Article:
Investigation of the Global Methane Budget Based on Improved Measurement Datasets and Prior Emission Information
X. Lan1,2, S. Schwietzke1,2, S. Basu1,2, L. Bruhwiler2, E. Dlugokencky2, S.E. Michel3, O.A. Sherwood3, G. Etiope4, Q. Zhuang5, L. Liu5, Y. Oh5, J.B. Miller2, G. Petron1,2, B.H. Vaughn3 and P.P. Tans2
1Cooperative Institute for Research in Environmental Sciences (CIRES), University of Colorado, Boulder, CO 80309; 303-497-3615, E-mail: email@example.com
2NOAA Earth System Research Laboratory, Global Monitoring Division (GMD), Boulder, CO 80305
3Institute of Arctic and Alpine Research (INSTAAR), University of Colorado, Boulder, CO 80309
4Istituto Nazionale di Geofisica e Vulcanologia (INGV), Rome 605 00143, Italy
5Purdue University, West Lafayette, IN 47907
The global atmospheric CH4 abundance was stable during 1999 to 2007, but has significantly increased ever since. The reasons behind the post-2007 increase in global CH4 remain uncertain. Current debates include changes in major sources and sinks. Another uncertainty in the CH4 budget concerns the quantification of emission magnitudes from individual CH4 source categories. The emission magnitudes are not well understood considering that bottom-up estimates of all CH4 sources surpass top-down estimates by more than 30%. These uncertainties are partially caused by the sparsity of global atmospheric measurements and the difficulty in accurately quantifying CH4 sources at policy-relevant spatial scales. Analyses using spatially representative isotopic (δ13CH4) source signatures to partition source contributions are still limited.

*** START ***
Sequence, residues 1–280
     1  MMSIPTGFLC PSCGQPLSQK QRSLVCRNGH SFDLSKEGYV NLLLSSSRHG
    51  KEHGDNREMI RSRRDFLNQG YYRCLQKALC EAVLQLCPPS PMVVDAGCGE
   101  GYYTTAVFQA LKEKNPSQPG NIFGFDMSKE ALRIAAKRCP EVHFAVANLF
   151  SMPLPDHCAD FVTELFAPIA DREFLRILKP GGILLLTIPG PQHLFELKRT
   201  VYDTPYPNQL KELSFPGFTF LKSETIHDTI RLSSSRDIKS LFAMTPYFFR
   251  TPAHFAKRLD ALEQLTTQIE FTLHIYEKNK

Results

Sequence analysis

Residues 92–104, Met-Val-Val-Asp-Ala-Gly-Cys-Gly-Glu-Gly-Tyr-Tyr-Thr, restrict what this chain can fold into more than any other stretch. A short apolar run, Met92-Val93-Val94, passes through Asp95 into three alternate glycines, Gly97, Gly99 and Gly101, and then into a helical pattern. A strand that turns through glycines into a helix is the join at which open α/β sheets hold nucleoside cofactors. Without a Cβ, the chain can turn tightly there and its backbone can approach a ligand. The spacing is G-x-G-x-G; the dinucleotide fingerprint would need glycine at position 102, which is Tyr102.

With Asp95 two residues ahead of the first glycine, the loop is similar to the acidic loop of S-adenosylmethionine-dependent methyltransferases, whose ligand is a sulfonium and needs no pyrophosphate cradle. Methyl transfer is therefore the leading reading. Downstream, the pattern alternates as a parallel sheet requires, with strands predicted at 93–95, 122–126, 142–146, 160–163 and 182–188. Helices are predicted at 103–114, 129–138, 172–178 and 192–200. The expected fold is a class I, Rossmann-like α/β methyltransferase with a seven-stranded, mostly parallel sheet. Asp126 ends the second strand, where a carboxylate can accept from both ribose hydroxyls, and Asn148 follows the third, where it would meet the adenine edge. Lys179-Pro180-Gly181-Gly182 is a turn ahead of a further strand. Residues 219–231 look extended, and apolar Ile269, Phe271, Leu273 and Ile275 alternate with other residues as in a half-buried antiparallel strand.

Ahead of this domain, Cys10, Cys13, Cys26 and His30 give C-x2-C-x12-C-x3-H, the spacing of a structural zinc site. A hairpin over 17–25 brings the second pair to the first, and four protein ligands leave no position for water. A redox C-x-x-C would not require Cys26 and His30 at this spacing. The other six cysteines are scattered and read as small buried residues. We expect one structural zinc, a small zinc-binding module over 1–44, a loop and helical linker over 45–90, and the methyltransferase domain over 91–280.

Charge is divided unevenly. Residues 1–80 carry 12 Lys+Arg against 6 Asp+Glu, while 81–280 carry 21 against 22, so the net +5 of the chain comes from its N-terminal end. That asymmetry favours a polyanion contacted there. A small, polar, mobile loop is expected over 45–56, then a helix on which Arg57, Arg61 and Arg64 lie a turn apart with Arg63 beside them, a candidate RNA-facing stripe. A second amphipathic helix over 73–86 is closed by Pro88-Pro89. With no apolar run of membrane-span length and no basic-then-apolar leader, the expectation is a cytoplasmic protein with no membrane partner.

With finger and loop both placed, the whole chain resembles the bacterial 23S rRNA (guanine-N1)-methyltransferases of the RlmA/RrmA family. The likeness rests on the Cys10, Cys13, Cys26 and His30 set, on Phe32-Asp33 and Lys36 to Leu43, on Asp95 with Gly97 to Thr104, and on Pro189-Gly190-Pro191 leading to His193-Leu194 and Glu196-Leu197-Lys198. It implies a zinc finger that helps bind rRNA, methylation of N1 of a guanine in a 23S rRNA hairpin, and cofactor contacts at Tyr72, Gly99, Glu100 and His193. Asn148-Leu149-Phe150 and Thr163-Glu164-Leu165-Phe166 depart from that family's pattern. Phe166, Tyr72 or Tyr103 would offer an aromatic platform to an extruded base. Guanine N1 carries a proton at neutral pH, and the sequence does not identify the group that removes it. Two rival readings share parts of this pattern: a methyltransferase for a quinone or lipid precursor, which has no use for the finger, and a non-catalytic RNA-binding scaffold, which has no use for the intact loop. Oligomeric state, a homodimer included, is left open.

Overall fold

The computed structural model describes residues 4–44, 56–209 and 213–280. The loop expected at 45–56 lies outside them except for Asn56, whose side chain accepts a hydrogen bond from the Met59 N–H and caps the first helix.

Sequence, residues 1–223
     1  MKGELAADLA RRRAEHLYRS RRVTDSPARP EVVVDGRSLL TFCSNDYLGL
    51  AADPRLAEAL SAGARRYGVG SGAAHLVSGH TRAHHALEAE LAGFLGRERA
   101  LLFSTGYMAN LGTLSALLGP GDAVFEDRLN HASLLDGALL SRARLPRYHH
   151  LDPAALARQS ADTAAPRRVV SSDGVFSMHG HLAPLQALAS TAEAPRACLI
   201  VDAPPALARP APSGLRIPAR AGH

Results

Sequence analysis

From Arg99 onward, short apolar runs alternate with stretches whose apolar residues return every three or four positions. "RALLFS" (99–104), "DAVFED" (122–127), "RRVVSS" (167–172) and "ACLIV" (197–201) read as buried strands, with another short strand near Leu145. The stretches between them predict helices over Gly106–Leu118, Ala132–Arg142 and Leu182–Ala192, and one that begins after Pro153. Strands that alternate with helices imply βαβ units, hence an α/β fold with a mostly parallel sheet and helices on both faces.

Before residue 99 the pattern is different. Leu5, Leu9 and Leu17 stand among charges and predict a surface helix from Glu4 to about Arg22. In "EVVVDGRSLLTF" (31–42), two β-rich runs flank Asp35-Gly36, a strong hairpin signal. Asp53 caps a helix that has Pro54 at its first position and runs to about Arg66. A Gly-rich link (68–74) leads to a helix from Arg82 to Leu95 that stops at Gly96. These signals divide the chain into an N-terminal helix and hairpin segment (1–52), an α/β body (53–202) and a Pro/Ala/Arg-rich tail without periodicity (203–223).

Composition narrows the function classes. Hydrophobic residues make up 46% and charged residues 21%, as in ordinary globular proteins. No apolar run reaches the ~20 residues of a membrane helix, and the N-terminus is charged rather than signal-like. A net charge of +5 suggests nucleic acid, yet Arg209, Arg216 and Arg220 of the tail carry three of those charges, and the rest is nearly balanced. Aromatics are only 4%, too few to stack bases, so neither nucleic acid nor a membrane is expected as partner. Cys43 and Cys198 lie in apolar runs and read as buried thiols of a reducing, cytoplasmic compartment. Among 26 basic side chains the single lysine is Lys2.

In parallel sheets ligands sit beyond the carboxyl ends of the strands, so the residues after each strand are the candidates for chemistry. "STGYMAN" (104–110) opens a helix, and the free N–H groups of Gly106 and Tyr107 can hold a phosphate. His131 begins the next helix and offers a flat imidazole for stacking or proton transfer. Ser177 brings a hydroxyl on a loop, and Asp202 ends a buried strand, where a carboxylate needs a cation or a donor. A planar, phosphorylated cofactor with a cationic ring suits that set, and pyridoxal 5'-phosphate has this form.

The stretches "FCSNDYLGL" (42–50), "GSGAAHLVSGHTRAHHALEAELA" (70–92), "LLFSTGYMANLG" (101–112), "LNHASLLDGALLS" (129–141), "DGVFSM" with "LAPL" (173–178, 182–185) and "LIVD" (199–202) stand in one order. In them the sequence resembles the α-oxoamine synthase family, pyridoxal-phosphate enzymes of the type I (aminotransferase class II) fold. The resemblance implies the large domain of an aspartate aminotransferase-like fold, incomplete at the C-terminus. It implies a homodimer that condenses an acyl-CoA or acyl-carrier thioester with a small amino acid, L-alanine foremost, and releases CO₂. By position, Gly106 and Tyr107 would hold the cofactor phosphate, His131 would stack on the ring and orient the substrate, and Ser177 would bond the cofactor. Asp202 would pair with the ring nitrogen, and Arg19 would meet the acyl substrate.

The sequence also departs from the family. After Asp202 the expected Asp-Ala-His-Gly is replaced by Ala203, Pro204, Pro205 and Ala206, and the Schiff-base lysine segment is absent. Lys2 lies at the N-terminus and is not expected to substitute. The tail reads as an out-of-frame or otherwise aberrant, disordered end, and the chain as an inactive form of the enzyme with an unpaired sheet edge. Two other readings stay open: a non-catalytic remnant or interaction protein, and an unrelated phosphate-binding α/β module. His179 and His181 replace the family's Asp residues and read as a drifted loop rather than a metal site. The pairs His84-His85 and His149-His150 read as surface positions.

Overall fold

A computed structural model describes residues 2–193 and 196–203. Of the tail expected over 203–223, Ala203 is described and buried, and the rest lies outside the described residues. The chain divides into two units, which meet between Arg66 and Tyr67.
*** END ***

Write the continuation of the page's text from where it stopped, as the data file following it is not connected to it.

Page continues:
Understanding emission magnitudes from individual sources and their contributions to temporal changes in CH4 abundance is important to predict the response of CH4 sources to future climate and design mitigation policies. This study attempts to improve our understanding of the CH4 budget by using forward and inverse modeling with the following features: (a) an extensive atmospheric CH4 and δ13C-CH4 measurement dataset with contributions from 32 laboratories worldwide complemented by remote sensing products, (b) newly developed gridded CH4 and δ13C-CH4 maps of geologic seeps and (c) improved spatially resolved δ13CH4 signatures from wetland emissions. In addition to illustrating these features, this presentation will highlight our new model results to evaluate different source and sink scenarios by comparing observed and simulated long-term trends and spatial gradients of CH4 and δ13CH4.
Figure 1. Overview of combined NOAA/INSTAAR (blue/cyan) and external (red/yellow) atmospheric CH4 and δ13C-CH4 dataset compiled for this study. Only “fixed” sites are shown, and additional data include measurements from container ships and aircraft routes.